We have got all dependencies in place now and we should be able to do a mvn -e clean install without any hiccups. Once we have done that, now is the time to get Spring into the game. We need to hijack all hits for *.html and hand it to Spring.

File: /src/main/webapp/WEB-INF/web.xml


This means that our application would look for a spring-servlet.xml, where we need to tell Spring what it needs to do with the hits that it intercepts.

File: /src/main/webapp/WEB-INF/spring-servlet.xml

<beans xmlns:context="http://www.springframework.org/schema/context" xmlns:p="http://www.springframework.org/schema/p" xmlns:xsi="http://www.w3.org/2001/XMLSchema-instance" xmlns="http://www.springframework.org/schema/beans" xsi:schemalocation="http://www.springframework.org/schema/beans   
 <context:component-scan base-package="org.academy.spring3.controllers">  
 <bean class="org.springframework.web.servlet.view.UrlBasedViewResolver" id="viewResolver">  
  <property name="viewClass" value="org.springframework.web.servlet.view.JstlView">  
  <property name="prefix" value="/WEB-INF/views/">  
  <property name="suffix" value=".jsp">  

Here we have told Spring to look for controllers in org.academy.spring3.controllers package. Lets add one then.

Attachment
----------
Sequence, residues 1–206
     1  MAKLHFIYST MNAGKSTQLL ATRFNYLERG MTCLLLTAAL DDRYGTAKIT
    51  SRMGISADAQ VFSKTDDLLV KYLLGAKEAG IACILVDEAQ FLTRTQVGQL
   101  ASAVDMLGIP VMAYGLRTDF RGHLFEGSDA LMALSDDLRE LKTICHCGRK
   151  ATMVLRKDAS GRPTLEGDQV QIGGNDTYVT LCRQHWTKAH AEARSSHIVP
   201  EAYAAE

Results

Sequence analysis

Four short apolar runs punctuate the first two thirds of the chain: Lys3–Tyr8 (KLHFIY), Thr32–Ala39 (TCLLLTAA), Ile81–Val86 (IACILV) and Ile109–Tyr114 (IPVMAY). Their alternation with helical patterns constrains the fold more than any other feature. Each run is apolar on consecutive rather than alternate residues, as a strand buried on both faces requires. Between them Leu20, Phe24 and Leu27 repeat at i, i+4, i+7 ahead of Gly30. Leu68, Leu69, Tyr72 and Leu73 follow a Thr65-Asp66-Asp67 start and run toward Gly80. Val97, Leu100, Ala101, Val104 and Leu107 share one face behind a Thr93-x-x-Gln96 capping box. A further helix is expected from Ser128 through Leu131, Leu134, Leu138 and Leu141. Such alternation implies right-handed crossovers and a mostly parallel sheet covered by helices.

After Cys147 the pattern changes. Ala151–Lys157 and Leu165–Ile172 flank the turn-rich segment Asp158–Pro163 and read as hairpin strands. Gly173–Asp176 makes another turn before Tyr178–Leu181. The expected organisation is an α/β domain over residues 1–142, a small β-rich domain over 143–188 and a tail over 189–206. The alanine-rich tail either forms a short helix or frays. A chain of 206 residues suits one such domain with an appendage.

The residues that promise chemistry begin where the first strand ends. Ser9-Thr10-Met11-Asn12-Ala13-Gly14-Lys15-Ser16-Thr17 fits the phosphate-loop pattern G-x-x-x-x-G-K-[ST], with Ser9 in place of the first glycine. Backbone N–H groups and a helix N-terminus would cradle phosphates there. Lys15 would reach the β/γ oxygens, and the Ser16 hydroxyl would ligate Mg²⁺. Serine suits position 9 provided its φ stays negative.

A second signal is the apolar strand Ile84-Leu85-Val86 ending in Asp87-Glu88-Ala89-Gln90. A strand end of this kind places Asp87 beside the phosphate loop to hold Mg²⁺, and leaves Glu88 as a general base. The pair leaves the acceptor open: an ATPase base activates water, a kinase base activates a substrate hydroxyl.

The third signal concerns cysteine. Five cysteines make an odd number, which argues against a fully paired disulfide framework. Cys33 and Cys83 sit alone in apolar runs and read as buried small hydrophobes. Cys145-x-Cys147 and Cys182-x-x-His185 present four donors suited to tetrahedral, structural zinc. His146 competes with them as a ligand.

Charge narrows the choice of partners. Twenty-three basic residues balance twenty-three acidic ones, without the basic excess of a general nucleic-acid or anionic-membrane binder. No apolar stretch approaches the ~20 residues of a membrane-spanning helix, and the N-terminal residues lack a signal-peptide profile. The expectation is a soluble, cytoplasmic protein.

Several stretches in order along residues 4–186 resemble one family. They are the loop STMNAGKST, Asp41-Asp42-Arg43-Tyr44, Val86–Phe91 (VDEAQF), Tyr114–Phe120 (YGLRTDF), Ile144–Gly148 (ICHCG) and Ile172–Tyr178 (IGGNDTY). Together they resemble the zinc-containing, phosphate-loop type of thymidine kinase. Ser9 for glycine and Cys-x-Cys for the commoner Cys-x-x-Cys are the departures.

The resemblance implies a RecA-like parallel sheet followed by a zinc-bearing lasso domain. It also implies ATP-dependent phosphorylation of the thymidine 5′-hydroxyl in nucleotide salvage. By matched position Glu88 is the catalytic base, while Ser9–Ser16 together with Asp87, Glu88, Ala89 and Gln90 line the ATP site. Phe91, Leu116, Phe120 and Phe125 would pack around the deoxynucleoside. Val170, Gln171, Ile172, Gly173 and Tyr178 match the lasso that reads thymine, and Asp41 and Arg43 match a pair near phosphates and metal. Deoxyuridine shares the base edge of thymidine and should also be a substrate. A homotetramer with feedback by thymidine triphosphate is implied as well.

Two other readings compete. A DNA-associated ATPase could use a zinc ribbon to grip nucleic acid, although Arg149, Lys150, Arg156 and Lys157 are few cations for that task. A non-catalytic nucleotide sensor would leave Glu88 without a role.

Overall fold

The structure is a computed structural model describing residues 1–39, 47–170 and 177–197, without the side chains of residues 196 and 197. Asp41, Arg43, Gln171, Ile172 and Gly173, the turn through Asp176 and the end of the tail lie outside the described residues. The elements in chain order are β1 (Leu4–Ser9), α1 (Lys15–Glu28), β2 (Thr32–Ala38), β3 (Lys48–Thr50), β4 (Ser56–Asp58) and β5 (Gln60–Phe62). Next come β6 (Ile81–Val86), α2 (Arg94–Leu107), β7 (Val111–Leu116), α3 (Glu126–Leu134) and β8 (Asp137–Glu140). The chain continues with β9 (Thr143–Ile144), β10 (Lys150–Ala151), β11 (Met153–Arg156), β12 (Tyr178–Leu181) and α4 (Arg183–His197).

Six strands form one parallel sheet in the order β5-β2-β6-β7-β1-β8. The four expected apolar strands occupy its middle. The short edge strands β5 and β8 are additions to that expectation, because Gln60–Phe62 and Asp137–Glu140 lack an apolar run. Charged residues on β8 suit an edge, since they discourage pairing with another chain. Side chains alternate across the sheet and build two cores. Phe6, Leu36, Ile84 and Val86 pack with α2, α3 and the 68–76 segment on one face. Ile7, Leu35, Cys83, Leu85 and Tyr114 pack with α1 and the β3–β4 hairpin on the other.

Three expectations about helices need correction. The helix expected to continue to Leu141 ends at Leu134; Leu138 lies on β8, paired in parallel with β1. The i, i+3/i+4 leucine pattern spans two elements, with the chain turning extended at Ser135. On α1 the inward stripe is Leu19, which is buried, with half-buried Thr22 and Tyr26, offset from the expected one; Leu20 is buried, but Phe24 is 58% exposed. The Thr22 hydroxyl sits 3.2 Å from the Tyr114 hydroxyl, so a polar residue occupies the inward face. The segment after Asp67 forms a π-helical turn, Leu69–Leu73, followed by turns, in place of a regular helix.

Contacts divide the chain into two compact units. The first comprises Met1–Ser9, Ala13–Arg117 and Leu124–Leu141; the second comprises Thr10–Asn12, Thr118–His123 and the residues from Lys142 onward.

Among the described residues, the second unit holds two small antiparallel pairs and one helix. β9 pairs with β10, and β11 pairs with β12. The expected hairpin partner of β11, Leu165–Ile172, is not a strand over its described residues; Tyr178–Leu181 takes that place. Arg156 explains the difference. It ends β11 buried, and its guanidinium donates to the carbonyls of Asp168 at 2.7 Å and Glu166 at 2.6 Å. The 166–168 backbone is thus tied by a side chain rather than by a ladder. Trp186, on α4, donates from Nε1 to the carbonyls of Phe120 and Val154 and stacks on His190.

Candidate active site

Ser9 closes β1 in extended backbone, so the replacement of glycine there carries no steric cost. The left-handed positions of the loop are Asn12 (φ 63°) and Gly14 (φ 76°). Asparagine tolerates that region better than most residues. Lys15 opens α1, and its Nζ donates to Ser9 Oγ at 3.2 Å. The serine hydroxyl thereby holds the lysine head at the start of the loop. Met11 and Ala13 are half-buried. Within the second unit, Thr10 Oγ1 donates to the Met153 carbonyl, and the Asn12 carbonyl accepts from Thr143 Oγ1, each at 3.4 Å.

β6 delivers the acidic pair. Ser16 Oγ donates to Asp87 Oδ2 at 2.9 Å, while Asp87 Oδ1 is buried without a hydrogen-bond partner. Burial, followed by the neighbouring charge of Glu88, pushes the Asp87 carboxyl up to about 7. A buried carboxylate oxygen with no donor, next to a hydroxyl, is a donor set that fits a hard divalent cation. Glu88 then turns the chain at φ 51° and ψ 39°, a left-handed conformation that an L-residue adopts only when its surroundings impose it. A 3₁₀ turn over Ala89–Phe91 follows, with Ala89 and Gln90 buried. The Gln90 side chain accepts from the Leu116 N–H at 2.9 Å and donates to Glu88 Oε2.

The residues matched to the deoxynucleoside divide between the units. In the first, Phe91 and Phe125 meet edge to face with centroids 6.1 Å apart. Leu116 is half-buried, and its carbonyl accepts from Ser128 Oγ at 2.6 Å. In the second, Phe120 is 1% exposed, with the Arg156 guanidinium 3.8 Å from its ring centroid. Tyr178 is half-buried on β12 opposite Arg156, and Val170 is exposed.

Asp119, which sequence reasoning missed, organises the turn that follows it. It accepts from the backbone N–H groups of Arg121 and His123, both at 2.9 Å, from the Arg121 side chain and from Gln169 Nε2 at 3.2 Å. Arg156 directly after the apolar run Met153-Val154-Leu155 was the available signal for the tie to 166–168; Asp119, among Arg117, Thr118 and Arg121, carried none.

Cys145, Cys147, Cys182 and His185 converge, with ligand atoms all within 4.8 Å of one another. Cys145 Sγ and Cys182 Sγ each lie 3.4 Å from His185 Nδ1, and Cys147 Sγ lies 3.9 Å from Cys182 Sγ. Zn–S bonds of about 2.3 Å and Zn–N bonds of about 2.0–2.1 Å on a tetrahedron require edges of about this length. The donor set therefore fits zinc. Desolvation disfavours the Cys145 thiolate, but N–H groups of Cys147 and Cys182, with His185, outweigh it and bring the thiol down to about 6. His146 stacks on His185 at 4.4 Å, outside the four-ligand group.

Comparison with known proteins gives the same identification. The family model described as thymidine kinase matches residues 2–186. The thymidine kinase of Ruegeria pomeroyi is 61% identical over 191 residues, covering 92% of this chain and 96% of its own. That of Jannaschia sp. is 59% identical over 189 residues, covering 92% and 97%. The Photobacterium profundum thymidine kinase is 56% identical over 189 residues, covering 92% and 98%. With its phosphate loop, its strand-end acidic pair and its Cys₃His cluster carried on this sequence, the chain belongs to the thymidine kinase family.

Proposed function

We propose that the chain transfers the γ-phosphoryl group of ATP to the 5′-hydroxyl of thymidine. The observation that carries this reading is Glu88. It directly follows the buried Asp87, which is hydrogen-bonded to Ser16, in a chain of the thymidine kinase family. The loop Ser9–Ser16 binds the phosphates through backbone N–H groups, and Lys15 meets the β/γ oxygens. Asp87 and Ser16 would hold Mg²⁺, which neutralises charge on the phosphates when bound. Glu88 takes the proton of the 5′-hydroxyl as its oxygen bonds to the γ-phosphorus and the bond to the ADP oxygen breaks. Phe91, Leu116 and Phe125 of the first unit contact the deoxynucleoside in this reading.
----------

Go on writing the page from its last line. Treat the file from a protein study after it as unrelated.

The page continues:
File: /src/main/java/org/academy/spring3/controllers/HelloWorld.java

public class HelloWorld {  
  private final static Logger logger = LoggerFactory.getLogger(HelloWorld.class);   
 public ModelAndView hello(){  
  logger.debug("In the controller.");   
  return new ModelAndView("HelloWorld", "message", "Hello world from Spring3.");   

In this controller we have told Spring to intercept any call to helloworld.html and hand over control to hello(). In this method, we have created a model. The model contains an object called “message” which has a string “Hello world from Spring3.”. This model is handed over to a view called “HelloWorld”. If you look back at spring-servlet.xml you will see “HelloWorld” translates to /src/main/webapp/WEB-INF/views/HelloWorld.jsp. Let’s add some code to that.

File: /src/main/webapp/WEB-INF/views/HelloWorld.jsp

<title>Spring 3.0 MVC</title>  

This code is going to complain a bit on compilation because we have not provided configuration to logback. The following file should do the trick.

File: /src/main/resources/log4j.properties

# Set root logger level to DEBUG and its only appender to A1.  
log4j.rootLogger=DEBUG, A1  
# configure A1 to spit out data in console  
log4j.appender.A1.layout.ConversionPattern=%d [%t] %-5p %c - %m%n     

Finally, we just need a convenient way to call the helloworld.html. Let’s modify index.jsp.

File: /src/main/webapp/index.jsp

<h2>Spring 3</h2>  
<a href="http://www.blogger.com/helloworld.html"> Hello world.</a>  

That’s it. Compile and deploy in any servlet container. You have a Spring 3 MVC bare bones example up and running. Give it a go.

Continue to Handling Forms with Spring 3 MVC.

Reference: Hello World with Spring 3 MVC from our JCG partner Partho at the Tech for Enterprise blog.

Notify of

This site uses Akismet to reduce spam. Learn how your comment data is processed.

Inline Feedbacks
View all comments
Back to top button